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What affects the time period of a pendulum.

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What affects the time period of a pendulum


I have been asked to investigate what affects the time period of 1 oscillation of a pendulum.

Definitions: Oscillation: Repeated motion of pendulum (to and for)
Period (T): Time taken for one full oscillation


I predict that the longer the length of string the longer it will take the pendulum to complete one period. This is because the length of the arc, the pendulum is traveling along is greater, but the gravitational acceleration will remain the same. This prediction is also proved by the formula


Here if the length of the string is increased (L) then that side of the equation becomes larger because the size of the fraction is increasing and because one side of the equation is increasing so must the other to remain equal so T will also increase.


What a pendulum is:

A pendulum is a body suspended by a fixed point so it can swing back and forth under the influence of gravity. Pendulums are frequently used in clocks because the interval of time for each complete oscillation, called the period, is constant.

The GPE (gravitational potential energy) gained after reaching its highest point in its swing, is converted into KE needed for it to return back to its natural point of vertical suspension. Due to this continuous motion, the bob creates an arc shaped swing. The movement of the pendulum is repeated until an external force acts on it, causing it to cease in movement. The pendulum never loses any energy, it is simply converted from one form to another and back again. However in our experiment an external force of friction is applied in very small instances.

...read more.


Measure the string to the desired lengthPlace string on centre of bobWe then pulled the string back to 15 degreesWe then released the bob and started the stopwatch at the same time.We let the bob swing backwards and forwards 10 timesWe then stopped the pendulum swinging and recorded the times.We repeated the experiment with the same length 3 timesWe then repeated steps 1-6 for string lengths 10cm, 20cm 30cm, 40cm, 50cm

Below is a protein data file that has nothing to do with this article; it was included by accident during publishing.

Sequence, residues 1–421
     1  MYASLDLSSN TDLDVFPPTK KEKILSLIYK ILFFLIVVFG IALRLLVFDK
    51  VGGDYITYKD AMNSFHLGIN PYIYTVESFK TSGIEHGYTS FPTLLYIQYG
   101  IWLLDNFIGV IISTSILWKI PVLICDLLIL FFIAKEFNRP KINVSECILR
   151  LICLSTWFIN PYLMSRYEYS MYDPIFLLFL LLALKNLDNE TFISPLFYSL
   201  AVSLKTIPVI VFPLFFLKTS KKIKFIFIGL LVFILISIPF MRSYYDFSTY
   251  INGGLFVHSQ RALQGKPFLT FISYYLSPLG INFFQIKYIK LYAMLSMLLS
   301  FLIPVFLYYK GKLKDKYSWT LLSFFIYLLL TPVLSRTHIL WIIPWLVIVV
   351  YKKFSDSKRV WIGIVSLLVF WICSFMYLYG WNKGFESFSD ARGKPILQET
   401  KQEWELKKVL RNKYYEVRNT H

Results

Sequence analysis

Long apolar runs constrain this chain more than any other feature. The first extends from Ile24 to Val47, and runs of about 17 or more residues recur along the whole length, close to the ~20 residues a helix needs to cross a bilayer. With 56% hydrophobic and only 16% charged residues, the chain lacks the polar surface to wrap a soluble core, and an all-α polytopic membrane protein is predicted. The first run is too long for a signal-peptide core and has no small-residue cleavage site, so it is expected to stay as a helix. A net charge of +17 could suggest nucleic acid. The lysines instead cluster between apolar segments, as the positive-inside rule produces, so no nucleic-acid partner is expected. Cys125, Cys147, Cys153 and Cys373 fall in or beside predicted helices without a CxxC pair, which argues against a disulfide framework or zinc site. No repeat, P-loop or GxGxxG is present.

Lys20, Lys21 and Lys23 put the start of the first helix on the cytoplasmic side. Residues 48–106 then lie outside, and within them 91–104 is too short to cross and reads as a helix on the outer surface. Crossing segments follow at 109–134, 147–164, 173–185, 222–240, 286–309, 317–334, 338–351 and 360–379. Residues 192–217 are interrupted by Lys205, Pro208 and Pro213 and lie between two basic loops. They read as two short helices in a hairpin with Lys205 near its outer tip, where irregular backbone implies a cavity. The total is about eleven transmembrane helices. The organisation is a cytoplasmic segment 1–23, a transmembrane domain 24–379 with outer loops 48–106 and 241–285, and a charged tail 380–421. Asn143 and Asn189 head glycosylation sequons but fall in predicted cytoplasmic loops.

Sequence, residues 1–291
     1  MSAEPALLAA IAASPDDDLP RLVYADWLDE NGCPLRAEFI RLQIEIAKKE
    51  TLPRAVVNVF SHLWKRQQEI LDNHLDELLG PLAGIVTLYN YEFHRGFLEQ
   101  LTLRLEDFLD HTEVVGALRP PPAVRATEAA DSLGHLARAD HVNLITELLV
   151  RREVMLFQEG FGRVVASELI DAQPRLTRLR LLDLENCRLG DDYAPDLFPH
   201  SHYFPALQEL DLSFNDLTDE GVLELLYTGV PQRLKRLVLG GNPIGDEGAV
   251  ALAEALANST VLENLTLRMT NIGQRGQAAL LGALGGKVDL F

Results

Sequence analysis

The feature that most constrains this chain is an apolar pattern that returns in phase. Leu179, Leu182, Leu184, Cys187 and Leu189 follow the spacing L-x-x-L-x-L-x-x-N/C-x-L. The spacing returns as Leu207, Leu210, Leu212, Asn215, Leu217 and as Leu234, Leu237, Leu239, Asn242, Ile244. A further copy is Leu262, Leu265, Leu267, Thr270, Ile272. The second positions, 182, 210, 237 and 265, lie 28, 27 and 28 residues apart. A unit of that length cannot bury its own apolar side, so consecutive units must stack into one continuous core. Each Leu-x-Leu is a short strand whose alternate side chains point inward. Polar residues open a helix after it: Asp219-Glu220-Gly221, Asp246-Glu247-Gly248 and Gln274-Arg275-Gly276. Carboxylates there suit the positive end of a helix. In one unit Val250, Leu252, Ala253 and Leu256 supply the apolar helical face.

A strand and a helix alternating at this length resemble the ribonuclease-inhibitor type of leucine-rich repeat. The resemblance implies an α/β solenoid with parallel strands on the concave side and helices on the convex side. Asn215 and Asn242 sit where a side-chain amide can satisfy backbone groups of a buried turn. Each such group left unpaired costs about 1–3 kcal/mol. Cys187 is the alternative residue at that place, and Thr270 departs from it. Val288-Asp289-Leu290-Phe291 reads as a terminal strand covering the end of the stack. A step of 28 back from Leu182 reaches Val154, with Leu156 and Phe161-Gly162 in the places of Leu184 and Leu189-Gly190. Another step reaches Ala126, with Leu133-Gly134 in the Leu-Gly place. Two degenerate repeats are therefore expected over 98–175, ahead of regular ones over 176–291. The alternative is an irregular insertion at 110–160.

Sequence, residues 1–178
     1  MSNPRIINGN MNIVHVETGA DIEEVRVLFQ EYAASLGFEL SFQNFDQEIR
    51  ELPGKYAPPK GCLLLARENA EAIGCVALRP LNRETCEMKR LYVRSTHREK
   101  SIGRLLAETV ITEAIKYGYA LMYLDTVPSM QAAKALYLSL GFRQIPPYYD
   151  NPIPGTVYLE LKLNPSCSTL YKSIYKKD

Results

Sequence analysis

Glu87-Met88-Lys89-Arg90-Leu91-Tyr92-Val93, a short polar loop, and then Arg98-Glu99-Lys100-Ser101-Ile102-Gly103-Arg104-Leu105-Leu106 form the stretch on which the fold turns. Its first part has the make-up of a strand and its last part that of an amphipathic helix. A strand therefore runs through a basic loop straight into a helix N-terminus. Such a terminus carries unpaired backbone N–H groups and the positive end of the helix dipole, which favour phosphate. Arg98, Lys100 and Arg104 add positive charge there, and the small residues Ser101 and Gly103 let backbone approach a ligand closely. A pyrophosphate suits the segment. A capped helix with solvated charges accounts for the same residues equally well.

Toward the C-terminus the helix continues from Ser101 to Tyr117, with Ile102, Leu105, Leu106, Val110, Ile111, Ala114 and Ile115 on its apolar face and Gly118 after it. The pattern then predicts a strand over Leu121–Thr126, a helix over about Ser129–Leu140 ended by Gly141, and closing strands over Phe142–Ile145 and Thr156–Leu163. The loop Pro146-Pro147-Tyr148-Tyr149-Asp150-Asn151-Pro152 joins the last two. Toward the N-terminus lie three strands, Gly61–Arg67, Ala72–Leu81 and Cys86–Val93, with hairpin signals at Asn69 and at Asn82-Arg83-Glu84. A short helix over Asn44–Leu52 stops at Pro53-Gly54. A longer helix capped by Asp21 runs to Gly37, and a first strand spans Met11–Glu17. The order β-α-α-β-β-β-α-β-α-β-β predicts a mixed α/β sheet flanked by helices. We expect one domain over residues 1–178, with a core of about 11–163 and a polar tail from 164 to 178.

Errors in Measuring/Judgment: In many cases we found that when we repeated the experiments, we found that the time or the amplitude was different. This was because every time we did it there was a margin or error. Nobody in the world could ever measure it and get it right with your bare hands. We therefore took the results by averaging the result from three repeated tests so that we won’t get one very strange result from one particular area. We could not measure very accurately either. Many times when a person measures it again, we found that it was often different by 1-3mm. So we will be comparing all results by showing the true time mathematically by the sum: T= 2π √(l/g).

Preliminary Work

To confirm that the theory’s are correct we performed some preliminary experiments using different variables.

With a small bob at 29 cm’s it come to 1.189 seconds for one swing. With a heavier bob it came to 1.207 seconds, so the weight doesn’t affect it, as proved in the theory. The difference between the previously mentioned results was because of unavoidable human error.

However with the small bob with a short string it took 0.929 seconds compared to the long string which took 1.207 seconds.

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the majority of my results were no more than a decimal place away from the
formula results and, therefore, quite reliable. Had there been any anomalous
results, I would have repeated my readings.

Factors which may have affected the accuracy of my results include:
- Error in measurement of angle of altitude. This angle proved difficult to
measure and it was hard to get the exact same angle for each result. To
improve the accuracy of this measurement, I could have attached the
protractor to the clamp stand so that it was in a fixed position.
- Error in measurement of string. To improve the accuracy of this, I
could have marked off the points with a pen to ensure they were as
accurately measured as possible.
- Human reaction time. Depending on human reaction time, the
measurement period time could have been measured inaccurately, due
to slow reactions when setting the stopwatch etc. This could have been
improved by involving another person to aid me with my experiment,
for a quicker reaction time.

The procedure was relatively reliable, excluding human error, and so I can
conclude that my evidence is sufficient to support a firm conclusion that:

That as the length increases, so does the period.

If I were to extend my investigation, I would investigate to provide additional
evidence to back up my conclusion, for example, changing the mass or angle
of altitude. The results gained would hopefully aid me further in supporting
my Scientific Theory.

I could also investigate the effects of what changing the gravitational field energy would do. I could investigate further whether the formula I found is correct by having the GPE as a factor.

I have heard that the angle the bob is released at affects the results after 15degrees. I could investigate this, and if what I have heard is true, then it would render the equation image00.png to be false.

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